Whether your goal is to get healthier, lose weight or maintain your health, almost everyone has a reason to be motivated. Being healthy truly is a journey, not a destination. The World Health Organization defines health as “a state of complete physical, mental and social well-being and not merely the absence of disease or infirmity.” Achieving a better state of health and well-being can start with looking at how we are sleeping, moving and eating.
The World Health Organization defines health as “a state of complete physical, mental and social well-being and not merely the absence of disease or infirmity.”
Get a good night’s sleep
Sleep is critical to our mental, emotional, physical, family and spiritual health. It helps guide our decisions throughout the day, and getting the right amount of sleep helps us make better decisions regarding our own health.
People who get seven to eight hours of sleep a night tend to make healthier choices and have the energy to add the recommended 20 to 30 minutes of activity into their daily routines. Getting enough sleep also helps us make better food choices throughout the day.
Think about why your health matters
The challenge is taking the time to think about not only why your health matters to you and why you want to be healthy, but also how you will make better choices in the environments where you live, work, play and shop. Many of us certainly want to eat healthier, but we may not always know how to make the best choices or may find it difficult to make those choices.
Eat as little added sugar as possible
If you pay more attention to your consumption of sugar and limit it in your diet, you will likely experience better health, wellness and longevity. This is why the Dietary Guidelines for Americans recommends that you limit your intake of added sugar to no more than 10% of your daily calories.
This means that those who need 2,000 calories, for example, should aim to eat less than 50 grams of added sugar per day. The number of grams will be less for those who consume fewer calories, but it never hurts to eat as little added sugar as possible!
You may have noticed that this recommendation focuses on added sugars; there’s a big difference in the sugars that occur naturally in our fruits and vegetables and the added sugars in processed foods that are in our diets. The naturally-occurring sugars in fruits and vegetables are okay to consume.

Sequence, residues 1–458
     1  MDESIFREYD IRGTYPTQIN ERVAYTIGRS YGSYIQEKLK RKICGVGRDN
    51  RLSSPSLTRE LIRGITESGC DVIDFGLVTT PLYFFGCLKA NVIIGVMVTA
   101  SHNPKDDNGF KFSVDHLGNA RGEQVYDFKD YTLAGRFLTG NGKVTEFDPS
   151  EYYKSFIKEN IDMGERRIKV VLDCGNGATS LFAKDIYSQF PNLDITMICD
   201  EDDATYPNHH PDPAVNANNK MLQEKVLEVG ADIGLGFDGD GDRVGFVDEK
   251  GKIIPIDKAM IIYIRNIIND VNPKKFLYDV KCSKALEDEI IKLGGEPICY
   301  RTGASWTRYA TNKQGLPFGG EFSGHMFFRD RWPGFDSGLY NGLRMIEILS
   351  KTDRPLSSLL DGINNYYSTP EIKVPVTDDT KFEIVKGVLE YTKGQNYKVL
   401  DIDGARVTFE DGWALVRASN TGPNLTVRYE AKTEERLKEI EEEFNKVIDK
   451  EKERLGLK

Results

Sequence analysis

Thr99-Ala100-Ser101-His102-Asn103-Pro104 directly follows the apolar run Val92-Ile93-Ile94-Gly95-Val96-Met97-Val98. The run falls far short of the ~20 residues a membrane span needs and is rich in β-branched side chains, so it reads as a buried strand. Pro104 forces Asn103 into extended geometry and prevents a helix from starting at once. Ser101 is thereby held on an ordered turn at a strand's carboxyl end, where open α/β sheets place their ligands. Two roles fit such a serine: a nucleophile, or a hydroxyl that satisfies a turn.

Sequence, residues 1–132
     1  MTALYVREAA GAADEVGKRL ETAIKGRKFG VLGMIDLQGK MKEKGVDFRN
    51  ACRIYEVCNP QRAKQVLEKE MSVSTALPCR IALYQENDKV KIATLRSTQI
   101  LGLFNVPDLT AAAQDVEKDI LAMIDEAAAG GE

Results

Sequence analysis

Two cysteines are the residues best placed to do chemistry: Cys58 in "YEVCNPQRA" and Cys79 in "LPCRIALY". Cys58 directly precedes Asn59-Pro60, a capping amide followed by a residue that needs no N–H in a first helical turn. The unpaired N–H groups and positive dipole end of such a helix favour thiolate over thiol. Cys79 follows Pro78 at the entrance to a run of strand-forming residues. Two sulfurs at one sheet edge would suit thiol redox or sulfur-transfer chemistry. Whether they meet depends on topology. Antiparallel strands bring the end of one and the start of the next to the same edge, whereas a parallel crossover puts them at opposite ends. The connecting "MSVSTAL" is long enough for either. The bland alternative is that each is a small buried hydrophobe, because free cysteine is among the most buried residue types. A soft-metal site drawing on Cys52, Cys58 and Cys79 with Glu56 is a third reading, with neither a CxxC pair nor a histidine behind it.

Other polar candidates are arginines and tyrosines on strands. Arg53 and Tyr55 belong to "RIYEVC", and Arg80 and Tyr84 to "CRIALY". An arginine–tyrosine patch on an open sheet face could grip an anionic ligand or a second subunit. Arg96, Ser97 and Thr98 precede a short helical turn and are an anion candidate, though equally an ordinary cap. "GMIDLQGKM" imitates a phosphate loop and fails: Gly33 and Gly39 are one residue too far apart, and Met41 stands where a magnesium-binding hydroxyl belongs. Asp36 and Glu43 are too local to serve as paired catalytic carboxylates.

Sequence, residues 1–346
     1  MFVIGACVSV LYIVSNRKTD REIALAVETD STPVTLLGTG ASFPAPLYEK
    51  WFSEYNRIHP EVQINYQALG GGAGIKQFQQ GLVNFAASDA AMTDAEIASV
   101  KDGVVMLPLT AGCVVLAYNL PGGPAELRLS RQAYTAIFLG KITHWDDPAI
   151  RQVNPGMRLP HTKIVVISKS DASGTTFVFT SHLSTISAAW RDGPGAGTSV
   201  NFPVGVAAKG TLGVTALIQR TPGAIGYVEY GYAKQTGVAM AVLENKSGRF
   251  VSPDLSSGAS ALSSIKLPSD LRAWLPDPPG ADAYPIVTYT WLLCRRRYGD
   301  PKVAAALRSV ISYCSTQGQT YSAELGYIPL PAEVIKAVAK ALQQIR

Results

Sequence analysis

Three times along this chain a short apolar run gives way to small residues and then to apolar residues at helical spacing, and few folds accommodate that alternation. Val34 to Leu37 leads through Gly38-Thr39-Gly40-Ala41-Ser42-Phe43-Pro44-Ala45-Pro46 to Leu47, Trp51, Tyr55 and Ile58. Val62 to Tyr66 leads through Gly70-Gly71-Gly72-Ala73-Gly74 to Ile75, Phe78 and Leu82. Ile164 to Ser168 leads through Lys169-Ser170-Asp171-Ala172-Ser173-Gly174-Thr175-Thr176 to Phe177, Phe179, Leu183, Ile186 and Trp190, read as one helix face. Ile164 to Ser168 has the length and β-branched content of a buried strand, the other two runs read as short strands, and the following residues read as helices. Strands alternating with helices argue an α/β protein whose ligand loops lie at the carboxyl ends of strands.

Drink more water
While today’s marketplace makes it nearly impossible to avoid all added sugars, it’s important to choose more of your grocery items in the outer aisles and try to limit the amount of added sugar in your daily nutrition regimen, including sugar-sweetened beverages. Some healthy alternatives to this include unsweetened tea or water with pieces of frozen or fresh fruit added.
Apps & online resources can help monitor sugar intake
Monitor your daily intake of added sugars to reduce your risk of preventable disease like diabetes, obesity and heart disease, all of which have been associated with diets high in sugar.
Technology can help with this, as there are many apps and online resources to help you track your sugar intake on your phone or other devices.
- Ask your healthcare team/provider or search to find the app that works best for you.
- You can also check out the Performance Triad app for more information on how to get quality sleep, move more and eat better. You can find direct links to download this app on Android and iPhone, plus other health-related mobile apps and resources, in the Download Center of the Performance Triad website.
On your journey to better health, it’s important to focus on why your health is important to you. Focusing on what is important to you can provide the motivation to achieve a better state of health and well-being.
Knowing why your health is important to you can also keep disease and other health issues at bay. And, as we’ve pointed out, limiting added sugar is one place to start.
- Harvard School of Public Health: Added Sugar in the Diet.
- World Health Organization: Definition of Health
About our guest contributors
- Barbara Agen Ryan, MS, RN, PNP, was formerly the training, education and communication lead at the Army’s Office of the Surgeon General, Systems for Health, Performance Triad.
- Ashleigh L. Simon, MPH, CPH, was formerly the Performance Triad coordinator at the Army’s Office of the Surgeon General, Systems for Health, Performance Triad.